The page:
Language Video and #ROW80

I am shamelessly lifting a video from the FABULOUS blog of K.B. Owen (subscribe right now if you like mystery and/or history). She pointed the way to this awesome video about the history of the English language from The Open University:

As for ROW80 progress, here’s where I stand:

  • Finish reading Revision & Self-Editing by James Scott Bell. Done.
  • Cheer on the ROW80 participants. Done.
  • Edit at least 50 pages of SHARING HUNTER, my young adult contemporary novel. Gave the novel to a teen beta reader to get feedback from my target audience.
  • Exercise at least twice each week. My Zumba classes are on hiatus for two weeks.
  • Submit a query for SHARING HUNTER. Done.

Adding for this week:

  • Work through at least two lessons of Margie Lawson’s Deep EDITS with YA novel.
  • Read at least 50 pages of The Writer’s Journey by Christopher Vogler.

How is your progress coming along? Did you enjoy the video?

As always, you can cheer on my fellow ROWers by clicking HERE.

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9 thoughts on “Language Video and #ROW80

  1. Great video. For some reason, I kept watiting for Dudley Do-Right to make an appearance (the voice and cartoon style, I think). Plus, it mentioned Shakespeare, which my ROW80 update was about. 😉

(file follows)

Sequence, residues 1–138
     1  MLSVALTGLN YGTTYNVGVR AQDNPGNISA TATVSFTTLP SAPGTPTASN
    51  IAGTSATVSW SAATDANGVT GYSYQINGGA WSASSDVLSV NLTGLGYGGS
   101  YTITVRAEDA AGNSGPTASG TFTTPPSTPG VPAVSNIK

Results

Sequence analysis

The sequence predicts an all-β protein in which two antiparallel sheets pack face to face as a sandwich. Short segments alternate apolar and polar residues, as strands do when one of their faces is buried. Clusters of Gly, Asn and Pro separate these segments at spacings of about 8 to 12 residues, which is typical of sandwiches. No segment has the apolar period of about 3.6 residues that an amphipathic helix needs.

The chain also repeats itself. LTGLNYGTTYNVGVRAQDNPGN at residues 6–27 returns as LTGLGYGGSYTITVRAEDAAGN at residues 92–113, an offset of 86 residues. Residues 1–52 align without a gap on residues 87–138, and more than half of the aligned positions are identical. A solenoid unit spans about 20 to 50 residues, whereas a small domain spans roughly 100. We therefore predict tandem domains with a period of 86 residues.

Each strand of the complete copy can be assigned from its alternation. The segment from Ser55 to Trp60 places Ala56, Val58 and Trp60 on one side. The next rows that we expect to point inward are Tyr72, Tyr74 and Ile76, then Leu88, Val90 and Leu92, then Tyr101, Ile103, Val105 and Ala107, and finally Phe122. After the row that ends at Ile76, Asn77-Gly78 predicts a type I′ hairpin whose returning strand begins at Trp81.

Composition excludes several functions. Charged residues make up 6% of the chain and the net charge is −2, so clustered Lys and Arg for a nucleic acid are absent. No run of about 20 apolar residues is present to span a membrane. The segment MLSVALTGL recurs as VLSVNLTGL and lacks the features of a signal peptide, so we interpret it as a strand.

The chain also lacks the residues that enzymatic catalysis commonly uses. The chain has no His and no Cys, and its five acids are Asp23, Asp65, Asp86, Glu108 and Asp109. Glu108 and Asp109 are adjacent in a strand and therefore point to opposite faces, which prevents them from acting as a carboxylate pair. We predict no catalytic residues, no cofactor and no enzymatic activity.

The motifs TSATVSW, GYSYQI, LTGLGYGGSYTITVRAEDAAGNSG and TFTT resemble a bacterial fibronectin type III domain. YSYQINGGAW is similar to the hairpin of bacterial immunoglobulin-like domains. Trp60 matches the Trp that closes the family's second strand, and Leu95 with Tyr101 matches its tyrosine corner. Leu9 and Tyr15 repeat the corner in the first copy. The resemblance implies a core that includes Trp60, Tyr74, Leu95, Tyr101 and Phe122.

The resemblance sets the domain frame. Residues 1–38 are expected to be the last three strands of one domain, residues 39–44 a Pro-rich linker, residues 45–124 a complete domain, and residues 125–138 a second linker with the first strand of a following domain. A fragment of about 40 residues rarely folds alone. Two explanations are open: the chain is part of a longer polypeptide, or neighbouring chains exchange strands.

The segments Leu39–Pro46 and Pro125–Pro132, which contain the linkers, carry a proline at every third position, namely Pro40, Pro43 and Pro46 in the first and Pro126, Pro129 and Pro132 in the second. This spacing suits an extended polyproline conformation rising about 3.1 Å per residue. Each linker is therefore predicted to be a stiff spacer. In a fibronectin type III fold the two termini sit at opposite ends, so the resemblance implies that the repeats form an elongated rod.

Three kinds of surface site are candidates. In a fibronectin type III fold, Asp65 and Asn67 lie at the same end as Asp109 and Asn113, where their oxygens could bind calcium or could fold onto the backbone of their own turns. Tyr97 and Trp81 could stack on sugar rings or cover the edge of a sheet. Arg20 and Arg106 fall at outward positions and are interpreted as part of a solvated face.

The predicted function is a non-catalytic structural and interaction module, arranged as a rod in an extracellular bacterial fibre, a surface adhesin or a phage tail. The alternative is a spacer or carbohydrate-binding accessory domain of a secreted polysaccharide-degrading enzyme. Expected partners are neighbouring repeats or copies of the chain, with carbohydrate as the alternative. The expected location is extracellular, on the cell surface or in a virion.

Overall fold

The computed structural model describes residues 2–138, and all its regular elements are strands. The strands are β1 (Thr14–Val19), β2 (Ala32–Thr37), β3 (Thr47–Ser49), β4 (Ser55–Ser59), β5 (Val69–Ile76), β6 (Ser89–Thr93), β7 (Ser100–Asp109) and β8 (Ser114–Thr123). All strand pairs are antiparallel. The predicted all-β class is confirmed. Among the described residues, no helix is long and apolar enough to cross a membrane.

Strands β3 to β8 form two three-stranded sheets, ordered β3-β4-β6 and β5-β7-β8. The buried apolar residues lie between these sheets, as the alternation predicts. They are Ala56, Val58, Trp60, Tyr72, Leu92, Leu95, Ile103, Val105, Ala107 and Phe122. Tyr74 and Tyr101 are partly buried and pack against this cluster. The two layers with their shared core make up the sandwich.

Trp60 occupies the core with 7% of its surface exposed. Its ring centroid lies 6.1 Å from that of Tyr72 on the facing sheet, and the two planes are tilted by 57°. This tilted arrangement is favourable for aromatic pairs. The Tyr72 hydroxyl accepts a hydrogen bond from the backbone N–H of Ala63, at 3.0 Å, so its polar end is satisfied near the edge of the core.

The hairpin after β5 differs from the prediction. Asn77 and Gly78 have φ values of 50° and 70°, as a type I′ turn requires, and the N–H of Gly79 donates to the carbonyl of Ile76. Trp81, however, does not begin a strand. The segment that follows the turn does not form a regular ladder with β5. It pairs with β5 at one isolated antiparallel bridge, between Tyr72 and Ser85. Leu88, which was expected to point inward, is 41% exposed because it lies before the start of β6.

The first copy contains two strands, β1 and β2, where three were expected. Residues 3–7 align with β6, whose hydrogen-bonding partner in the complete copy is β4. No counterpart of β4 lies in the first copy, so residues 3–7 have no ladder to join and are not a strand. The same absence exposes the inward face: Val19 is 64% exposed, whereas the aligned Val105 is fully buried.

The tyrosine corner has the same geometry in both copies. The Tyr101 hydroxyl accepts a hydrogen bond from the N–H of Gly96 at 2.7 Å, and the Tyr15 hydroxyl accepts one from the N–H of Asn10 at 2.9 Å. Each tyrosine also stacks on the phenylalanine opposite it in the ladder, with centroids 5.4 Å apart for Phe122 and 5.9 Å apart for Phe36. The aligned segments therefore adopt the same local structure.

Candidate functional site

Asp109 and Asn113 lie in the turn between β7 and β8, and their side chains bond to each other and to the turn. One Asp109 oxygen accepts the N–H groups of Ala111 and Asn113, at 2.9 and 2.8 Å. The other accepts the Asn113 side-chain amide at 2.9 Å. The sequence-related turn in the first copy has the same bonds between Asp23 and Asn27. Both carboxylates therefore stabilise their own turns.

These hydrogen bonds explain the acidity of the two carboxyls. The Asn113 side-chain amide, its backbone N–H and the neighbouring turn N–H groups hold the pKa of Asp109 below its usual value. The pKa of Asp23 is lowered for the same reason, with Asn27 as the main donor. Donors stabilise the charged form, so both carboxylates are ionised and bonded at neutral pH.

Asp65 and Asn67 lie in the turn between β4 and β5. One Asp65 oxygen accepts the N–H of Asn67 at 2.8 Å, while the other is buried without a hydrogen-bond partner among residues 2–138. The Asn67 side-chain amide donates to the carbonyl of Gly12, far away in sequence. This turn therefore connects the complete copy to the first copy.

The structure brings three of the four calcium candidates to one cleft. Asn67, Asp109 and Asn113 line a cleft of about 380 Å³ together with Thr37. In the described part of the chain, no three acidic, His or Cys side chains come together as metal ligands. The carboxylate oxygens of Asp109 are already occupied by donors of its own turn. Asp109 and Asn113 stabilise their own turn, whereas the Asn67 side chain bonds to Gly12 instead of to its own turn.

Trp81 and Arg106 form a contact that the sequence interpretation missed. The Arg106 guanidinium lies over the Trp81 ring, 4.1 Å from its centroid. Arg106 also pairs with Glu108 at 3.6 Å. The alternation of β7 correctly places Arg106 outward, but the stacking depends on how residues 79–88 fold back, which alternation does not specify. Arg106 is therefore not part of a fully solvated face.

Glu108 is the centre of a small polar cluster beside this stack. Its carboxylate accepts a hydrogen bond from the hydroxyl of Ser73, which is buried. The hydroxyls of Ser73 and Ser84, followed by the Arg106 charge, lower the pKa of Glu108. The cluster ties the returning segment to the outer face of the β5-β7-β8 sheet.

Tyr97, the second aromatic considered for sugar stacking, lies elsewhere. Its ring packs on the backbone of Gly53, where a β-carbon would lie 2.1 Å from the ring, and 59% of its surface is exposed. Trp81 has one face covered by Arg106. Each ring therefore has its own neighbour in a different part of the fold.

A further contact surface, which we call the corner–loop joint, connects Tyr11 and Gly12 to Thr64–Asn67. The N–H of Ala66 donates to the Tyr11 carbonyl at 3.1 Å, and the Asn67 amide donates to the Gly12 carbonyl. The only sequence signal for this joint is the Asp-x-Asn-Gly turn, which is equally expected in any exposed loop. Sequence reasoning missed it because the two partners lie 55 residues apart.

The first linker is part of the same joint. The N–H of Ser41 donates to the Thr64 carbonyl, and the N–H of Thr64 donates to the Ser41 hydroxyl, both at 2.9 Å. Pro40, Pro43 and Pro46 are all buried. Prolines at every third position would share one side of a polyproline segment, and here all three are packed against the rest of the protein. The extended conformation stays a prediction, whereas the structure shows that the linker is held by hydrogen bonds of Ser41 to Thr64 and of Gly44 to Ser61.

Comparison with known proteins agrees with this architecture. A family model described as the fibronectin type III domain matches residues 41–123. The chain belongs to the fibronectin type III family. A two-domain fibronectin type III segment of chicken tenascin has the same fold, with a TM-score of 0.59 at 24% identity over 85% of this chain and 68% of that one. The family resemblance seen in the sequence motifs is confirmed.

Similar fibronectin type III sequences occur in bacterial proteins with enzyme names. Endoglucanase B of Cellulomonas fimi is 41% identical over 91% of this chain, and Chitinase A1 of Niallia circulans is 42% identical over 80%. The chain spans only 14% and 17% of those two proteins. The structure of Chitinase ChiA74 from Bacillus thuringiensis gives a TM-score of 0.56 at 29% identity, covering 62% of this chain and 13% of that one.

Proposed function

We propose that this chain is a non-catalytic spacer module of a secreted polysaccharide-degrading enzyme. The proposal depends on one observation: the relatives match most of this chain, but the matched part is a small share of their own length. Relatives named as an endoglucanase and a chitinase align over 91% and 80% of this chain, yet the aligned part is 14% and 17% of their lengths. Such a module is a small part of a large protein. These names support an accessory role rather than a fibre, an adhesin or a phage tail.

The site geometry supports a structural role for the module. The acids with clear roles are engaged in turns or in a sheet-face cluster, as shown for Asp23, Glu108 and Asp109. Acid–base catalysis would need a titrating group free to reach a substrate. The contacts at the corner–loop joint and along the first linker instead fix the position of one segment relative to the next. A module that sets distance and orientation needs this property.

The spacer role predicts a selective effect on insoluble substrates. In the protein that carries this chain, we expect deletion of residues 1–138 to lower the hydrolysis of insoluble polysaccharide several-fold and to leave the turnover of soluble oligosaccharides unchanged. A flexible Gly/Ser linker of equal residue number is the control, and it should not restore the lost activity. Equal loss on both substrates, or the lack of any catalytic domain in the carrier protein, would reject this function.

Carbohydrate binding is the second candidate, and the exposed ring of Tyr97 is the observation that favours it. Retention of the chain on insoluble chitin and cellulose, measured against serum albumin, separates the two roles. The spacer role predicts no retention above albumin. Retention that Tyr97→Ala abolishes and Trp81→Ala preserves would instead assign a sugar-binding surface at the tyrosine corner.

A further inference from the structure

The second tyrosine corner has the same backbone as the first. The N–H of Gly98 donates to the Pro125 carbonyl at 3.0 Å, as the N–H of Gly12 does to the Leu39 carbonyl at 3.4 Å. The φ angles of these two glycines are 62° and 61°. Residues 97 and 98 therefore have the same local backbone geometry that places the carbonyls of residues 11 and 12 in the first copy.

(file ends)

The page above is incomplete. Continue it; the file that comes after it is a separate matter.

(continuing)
I love the idea of getting a teen beta reader. My daughter reads my stuff, but I’ll need to get an unbiased teen opinion when it’s done. How did you go about finding a teen reader?

    I hope you’ll share your thoughts on Bell’s Self-Editing.

    1. It was the Dudley Do-Right voice! LOL. As to teen beta readers, I actually have FOUR lined up–my son, my best friend’s daughter, a teenager from my church, and her best friend whom I know through church camp.

      Bell’s Self-Editing book was good, and I love how he summarizes at the end of his chapters. I think the Plot & Structure book was more comprehensive and helpful all around, though. I do want to sit down and pull out Bell’s suggestions into a checklist for myself. Thanks, Tia!

  2. Getting feedback from your ideal reader/target audience is always great. And I think they can help before you even write a single word.
    Whenever I sit down to write a piece of fiction, I ask who among the people I know would be most into whatever idea is luring me to the keyboard. Once I figure that out, I write the piece as though this person is the only one who will ever see it. This specific person, not a hypothetical collective, becomes my target audience.
    After I’ve written the first draft and run it through the washing machine, I hand the piece over to this reader and see how well I hit the mark.

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